Captain Don Cockrill explains how augmented reality wearable technology would enhance the pilot and master’s situational awareness without distracting them from critical operations
Shared mental model has become a commonplace expression within the maritime community, particularly when considering ship manoeuvring operations. Bridge resource management regarding pilotage operations places shared mental models between pilots and bridge teams high on the priority list to achieve a successful passage.
But it does not stop there. The most critical point of a ship’s voyage is the period when it finally approaches or leaves its berth. It is paramount that when utilised, ship assist tug masters and crews are also kept appraised of the current and intended status of the vessel’s movement through close liaison with the pilot. They too must share the relevant mental model.
Historically, this has predominantly been achieved via sound communication, today generally via VHF radio, but in some quarters, still by ship’s and/or pilot’s whistle signals.
For tug masters ‘looking out of the window’ and maintaining situational awareness using visual and aural clues wherever possible during a ship towage manoeuvring operation remains paramount.
However, visual and aural clues alone are often not sufficient to ensure maximum situational awareness, particularly in complex, demanding conditions. Various tools have been developed to address this.
For example, radar, ECDIS, portable pilot units (PPU) and their supporting systems such as global navigation satellite system positioning and Automatic Identification System (AIS) give invaluable situational awareness input. They enable plan views of the ship’s manoeuvre and the positioning of tugs to be observed with ease by all parties, be it on the ship’s and tugs’ electronic navigational charts or the pilot’s PPU.
This is a critical issue when manoeuvring ultra-large container ships and car carriers where it is not possible to see the individual tugs directly.
All these tools, along with other information sources, have a common impediment in that they require the tug master to look away from their focus of concentration to observe whatever data is required or being displayed.
Some require the operator to physically change position or even leave the operation station to clearly view a display (ECDIS and radar for example) while others have portability (PPUs), but may still dictate distraction during a critical period such as during a swing or the final moments of a berthing manoeuvre.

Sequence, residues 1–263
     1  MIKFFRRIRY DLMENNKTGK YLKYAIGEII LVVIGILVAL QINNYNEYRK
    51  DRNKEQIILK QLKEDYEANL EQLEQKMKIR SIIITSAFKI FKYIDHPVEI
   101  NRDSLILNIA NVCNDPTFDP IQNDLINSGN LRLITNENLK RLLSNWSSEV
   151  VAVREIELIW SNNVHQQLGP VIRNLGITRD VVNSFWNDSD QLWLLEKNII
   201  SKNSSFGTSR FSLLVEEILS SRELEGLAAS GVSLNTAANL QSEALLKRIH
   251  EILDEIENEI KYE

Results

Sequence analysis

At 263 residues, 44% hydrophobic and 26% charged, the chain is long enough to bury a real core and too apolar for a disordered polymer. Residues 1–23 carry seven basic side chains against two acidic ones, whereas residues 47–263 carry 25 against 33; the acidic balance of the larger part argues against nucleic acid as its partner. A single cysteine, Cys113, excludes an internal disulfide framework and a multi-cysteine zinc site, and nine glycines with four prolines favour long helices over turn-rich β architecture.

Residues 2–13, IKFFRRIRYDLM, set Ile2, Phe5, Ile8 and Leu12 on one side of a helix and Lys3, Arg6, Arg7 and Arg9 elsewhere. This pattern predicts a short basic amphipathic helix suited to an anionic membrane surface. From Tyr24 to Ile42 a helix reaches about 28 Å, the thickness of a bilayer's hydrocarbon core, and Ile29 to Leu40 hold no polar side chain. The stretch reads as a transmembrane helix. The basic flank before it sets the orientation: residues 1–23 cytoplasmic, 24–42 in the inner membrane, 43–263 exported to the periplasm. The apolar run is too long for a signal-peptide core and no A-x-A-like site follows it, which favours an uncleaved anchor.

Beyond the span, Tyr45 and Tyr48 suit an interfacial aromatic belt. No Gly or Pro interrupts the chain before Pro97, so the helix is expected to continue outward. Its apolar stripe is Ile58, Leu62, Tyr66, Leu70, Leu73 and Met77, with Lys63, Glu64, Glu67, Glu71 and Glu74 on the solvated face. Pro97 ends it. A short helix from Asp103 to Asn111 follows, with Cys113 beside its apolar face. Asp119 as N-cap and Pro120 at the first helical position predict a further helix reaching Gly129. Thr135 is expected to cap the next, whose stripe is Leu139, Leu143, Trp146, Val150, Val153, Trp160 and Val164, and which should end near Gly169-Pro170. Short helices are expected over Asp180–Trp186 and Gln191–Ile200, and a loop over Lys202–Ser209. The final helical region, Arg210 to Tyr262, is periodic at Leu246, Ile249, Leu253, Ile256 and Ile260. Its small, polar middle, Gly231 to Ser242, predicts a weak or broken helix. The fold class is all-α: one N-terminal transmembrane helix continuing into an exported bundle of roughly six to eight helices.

Such situations are not limited to maritime, and augmented reality (AR) wearable technology and specialist software is available from several manufacturers and are becoming commonplace, particularly within high-reliability industries, organisations and operations, thus their relevance to towage and pilotage.
Of significance to maritime operations, hands-free software has been developed that integrates numerous elements of an operator’s support equipment, both aural and visual so they can be referred to at any time without needing to leave the conning position or even change sight direction.
One such solution, designed for use in maritime environments, utilises a rugged head-mounted device that can be worn with or without safety helmets and can be used with safety glasses or corrective eyewear.
Taking feeds from numerous sources (aural and visual) commonly found on a navigating bridge or other control station, and by utilising hands-free voice control, the software enables the operator to select and view the required input through one eye simulating a 7-in tablet display while maintaining an uninterrupted visual observation of the critical operation via the other.
Tug masters may often be faced with situations demanding multi-tasking capabilities and an octopus’s physique. This technology potentially offers a safe and economic solution to these challenges.
A chartered master mariner, Captain Don Cockrill MBE CMMar FNI retired from pilotage after 28 years of service with the Port of London Authority and was secretary general of the UK Maritime Pilots’ Association 2015-2020
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